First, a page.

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BI Strategy – Setting Standards and Vision
Hari Narayanan Ganapathy Senior Solutions Director, Digital & Analytics | September 16, 2020
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Business decisions are critical at any given point of time. After all, businesses run on decisions; Decisions needs insights; Insights bring analytics; Analytics are based on information; Information is built on process and data. Taking the right decision with the right information at the right time, is responsible for the success and growth of any organization. 

In the data-driven world we live in, the information collected, collated, and analyzed to facilitate decision-making needs to be refreshed at short frequencies.  In ever-changing markets, preparation of data is complete, only when it is converted into a meaningful information with appropriate visual models, to help executives to take the right decisions at the right time. Strategizing BI is an art; transforming it into intelligence is a science. 

Strategizing Business Intelligence is an art; Transforming it into intelligence is a science.

The blog is organized in the following five basic dimensions

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Dimension 1:  What is BI Strategy to a Business?

BI Strategy is a universal concept by itself.  But it is unique and influenced by several factors that mean a lot to any organization. These include industry, region, market, vision, customer segment, and many more, which are volatile and ever changing.  A small variation in one or a few of these factors could lead to big changes to the business.  This means, the business strategy should be flexible and adaptable to make it more successful. 

BI requirement is formulated from the clearly defined vision of the organization, based on what they want to achieve, keeping the long-term visions sliced into smaller missions of the organization that need to be achieved in form of medium- and short-term goals.

BI strategy development for any organization, consists of sets of processes, procedures, methodologies, tools and technologies, solution principles, and high-level solution architectures, wherever possible.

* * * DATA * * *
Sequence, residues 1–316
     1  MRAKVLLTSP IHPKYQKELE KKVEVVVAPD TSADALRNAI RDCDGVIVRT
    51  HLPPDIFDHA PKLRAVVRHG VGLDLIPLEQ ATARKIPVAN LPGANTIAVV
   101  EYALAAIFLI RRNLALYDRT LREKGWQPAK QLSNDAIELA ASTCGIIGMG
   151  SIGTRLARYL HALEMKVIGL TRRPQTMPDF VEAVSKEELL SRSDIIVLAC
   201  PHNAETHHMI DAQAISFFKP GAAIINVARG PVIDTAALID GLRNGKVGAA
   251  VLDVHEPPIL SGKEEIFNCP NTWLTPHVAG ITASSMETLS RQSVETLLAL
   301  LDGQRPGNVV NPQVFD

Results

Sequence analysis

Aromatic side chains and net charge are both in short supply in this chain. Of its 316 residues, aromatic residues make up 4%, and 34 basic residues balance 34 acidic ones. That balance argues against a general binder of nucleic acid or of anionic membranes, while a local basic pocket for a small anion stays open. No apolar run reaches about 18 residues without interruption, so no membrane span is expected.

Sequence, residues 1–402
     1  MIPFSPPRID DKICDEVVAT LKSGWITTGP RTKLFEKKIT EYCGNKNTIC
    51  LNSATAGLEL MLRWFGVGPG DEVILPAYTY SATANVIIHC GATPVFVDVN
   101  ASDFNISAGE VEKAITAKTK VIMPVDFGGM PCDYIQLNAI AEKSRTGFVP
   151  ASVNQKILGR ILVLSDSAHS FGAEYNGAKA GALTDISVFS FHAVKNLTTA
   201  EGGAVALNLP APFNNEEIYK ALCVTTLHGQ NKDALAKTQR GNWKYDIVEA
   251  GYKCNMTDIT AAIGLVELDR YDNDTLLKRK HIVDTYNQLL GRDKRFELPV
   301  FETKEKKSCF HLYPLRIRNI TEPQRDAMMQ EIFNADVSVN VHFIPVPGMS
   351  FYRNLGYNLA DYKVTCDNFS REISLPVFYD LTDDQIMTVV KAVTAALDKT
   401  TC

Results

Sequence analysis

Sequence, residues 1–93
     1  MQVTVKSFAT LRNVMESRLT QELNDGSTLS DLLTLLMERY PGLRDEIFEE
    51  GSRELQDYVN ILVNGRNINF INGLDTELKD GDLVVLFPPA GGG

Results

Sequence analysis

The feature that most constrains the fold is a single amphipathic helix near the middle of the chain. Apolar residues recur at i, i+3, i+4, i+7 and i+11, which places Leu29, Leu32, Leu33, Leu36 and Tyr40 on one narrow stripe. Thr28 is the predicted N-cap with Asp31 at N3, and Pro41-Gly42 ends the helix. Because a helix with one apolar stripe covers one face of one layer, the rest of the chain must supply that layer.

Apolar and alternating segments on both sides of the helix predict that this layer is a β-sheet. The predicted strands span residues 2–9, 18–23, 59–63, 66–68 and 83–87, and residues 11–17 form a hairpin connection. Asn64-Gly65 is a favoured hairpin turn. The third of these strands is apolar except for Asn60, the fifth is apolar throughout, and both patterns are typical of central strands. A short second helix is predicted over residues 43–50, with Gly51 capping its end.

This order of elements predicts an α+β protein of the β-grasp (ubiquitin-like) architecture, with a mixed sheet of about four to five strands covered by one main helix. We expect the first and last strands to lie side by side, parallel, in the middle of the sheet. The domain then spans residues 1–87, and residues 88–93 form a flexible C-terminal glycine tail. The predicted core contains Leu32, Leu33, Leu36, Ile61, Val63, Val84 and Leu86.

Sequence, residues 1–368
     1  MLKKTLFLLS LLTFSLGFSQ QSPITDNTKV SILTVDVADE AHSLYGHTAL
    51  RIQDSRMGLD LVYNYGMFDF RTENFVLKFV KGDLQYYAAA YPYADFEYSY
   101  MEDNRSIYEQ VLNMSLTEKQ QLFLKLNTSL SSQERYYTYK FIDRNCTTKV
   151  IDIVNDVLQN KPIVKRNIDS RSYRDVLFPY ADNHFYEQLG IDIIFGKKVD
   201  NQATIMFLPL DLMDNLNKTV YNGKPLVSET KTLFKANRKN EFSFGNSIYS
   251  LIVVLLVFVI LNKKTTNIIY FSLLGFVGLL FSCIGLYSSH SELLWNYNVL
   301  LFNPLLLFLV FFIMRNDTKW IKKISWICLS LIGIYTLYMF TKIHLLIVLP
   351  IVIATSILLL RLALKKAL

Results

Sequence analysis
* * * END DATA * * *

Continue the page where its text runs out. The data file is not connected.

BI Strategy defines the clear outcome of what is needed for business decisions.  It also highlights the standards for data and visual Intelligence, so that the boundaries are set.  Following are the outcome of the BI Strategy document:

  1. Vision – What needs to be achieved as part of BI requirements that may help in business decisions
  2. Mission – How the vision is achieved by vertical or horizontal processes and solutions
  3. Standards – Processes to be covered, solution standards, user specific information standards, security standards, visualization standards, technology specific standards, documentation standards (if applicable), differentiating and integrating the data / information flow (setting boundaries)
  4. Ownership, review, and approval – Executives responsible for managing the BI strategy, frequency of review

“The view you adopt for yourself profoundly affects the way you lead your life.” ― Satya Nadella

Dimension 2:  When are BI strategies needed?

One of the key points to be remembered by anyone defining BI strategy for the organization, is that the decisions are made for present situation; not for the past with an impact on the future.  There is no specific timeline set for when BI strategies are to be implemented. However, owing to the ever-changing market, technology and customer behavior, regulations, and socio-economic changes, it is advisable to have BI strategies at appropriate times, which suit your organization.

Many organizations have defined/refined the business strategy, when the key decisions on the changes in the organization, processes, business models, and technology changes that influences the business vision and strategy of the organization.

Define and refine BI strategy at right interval to ease business decisions

Dimension 3:  Why BI strategy is required: